World marks 50 years since election of revolutionary Pope Paul VI

FRIDAY, JUNE 21: Fifty years ago today, in 1963, the world saw the election of a groundbreaking new pope: Paul VI. Though he was no stranger to the Vatican, having served its Secretariat of State for 32 years prior to his election, Cardinal Giovanni Battista Montini—who took the name Paul VI—broke Church history on several levels. The formerly frail child took the Catholic Church by storm, becoming the first pope to travel to six continents during his reign and changing the 400-year-old format of Mass. Last year, Pope Benedict XVI declared Paul VI to have been of heroic virtue, thus earning him the title “Venerable.”


A wealthy family welcomed Giovanni Battista Montini in 1897, and despite the baby’s frailness, the young child would go on to receive extensive education from the Jesuits and the seminary. (The Vatican has a full biography.) First ordained a priest in 1920, Montini advanced to Gregorian University and the University of Rome, finally placing an emphasis on studying canon law.

When World War II emerged, current events and danger to the pontiff took first priority, and Montini stepped up to organize several relief projects. Having won the affections of the bishop of Rome, Montini was appointed Archbishop of Milan, revitalized the diocese, won over the laboring class, promoted Catholic education and attracted international press for his efforts. (Wikipedia has details.) Upon the death of Pope John XXIII, Montini was elected the new pope on June 21, 1963. Montini chose the name “Paul” to indicate a renewed mission to spread the Word of Christ.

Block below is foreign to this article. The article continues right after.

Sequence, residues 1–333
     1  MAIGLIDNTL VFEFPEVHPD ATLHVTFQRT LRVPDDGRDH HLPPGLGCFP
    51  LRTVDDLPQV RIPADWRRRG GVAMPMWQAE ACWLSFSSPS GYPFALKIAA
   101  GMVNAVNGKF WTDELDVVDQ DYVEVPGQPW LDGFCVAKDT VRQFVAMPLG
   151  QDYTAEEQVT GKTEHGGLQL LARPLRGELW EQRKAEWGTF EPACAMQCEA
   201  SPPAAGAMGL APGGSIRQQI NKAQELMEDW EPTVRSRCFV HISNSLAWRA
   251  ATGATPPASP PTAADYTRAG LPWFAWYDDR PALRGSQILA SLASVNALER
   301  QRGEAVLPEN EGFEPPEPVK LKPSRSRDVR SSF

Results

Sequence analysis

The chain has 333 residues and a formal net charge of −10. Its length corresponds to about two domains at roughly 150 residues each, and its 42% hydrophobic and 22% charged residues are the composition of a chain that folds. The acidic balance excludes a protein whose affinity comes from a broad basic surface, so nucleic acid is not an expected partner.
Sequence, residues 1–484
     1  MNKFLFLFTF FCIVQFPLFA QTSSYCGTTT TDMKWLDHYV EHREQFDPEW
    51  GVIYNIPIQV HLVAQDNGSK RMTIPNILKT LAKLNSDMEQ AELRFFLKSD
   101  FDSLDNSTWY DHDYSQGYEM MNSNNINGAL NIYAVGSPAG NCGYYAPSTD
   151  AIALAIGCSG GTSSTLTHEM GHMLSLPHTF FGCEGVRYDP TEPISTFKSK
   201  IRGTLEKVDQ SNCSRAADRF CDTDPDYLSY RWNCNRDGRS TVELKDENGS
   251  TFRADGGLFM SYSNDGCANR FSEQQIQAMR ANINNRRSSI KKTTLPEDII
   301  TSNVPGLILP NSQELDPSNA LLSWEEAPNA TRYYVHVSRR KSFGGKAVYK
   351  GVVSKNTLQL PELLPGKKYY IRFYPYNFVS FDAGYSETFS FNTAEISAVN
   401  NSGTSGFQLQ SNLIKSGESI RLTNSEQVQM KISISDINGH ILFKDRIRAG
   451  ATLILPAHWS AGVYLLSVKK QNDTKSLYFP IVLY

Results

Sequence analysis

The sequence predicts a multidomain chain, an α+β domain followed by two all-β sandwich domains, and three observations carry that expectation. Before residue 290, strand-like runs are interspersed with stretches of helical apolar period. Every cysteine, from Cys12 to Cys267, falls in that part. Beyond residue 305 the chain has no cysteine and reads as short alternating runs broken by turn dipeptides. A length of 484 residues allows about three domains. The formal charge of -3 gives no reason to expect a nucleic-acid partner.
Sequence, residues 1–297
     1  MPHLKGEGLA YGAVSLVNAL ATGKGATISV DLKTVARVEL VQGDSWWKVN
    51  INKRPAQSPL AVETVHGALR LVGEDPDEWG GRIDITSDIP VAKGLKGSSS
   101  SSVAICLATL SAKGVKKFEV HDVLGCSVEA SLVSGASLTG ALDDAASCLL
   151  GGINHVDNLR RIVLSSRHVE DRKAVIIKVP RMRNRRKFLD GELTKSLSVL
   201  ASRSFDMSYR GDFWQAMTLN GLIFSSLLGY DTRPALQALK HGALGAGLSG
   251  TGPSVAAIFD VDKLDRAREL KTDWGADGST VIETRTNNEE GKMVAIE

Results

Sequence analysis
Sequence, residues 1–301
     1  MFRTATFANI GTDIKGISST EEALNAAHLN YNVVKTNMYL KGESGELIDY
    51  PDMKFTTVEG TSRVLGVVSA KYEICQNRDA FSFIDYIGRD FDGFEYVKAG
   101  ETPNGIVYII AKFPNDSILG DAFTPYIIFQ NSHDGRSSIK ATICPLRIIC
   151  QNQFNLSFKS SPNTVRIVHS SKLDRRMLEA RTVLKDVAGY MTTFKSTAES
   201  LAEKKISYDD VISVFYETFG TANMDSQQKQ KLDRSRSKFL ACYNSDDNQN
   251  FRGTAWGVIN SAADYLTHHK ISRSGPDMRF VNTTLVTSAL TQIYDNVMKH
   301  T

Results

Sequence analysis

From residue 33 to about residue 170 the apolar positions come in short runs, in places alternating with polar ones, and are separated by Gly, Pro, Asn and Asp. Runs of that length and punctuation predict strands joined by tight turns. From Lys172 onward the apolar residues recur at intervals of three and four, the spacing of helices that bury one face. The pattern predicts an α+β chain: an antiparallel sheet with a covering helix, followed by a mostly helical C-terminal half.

From the moment he was crowned, Pope Paul VI sought to make an impression. He delivered the allocution in nine languages, demonstrating his plan to reach out to new communities and peoples; he sold the papal tiara and distributed profits to the poor in several regions of the world; and while Vatican II had automatically closed with the death of John XXIII, the pope educated in canon law promised to re-convoke it. Throughout his reign, Pope Paul VI would keep his promise of reaching out internationally, beginning with his first papal visit being to the United Nations headquarters in New York. Pope Paul VI became the first pope to visit six continents and the first to set foot in the Holy Land since St. Peter left nearly 2,000 years earlier and went to Rome. The reopening of the Second Vatican Council in 1963 saw four priorities outlined: a better understanding of the Catholic Church, Church reforms, advancing the unity of Christianity and dialogue with the world. Vatican II successfully closed in 1965, and Pope Paul VI implemented its mandates until his death in 1978.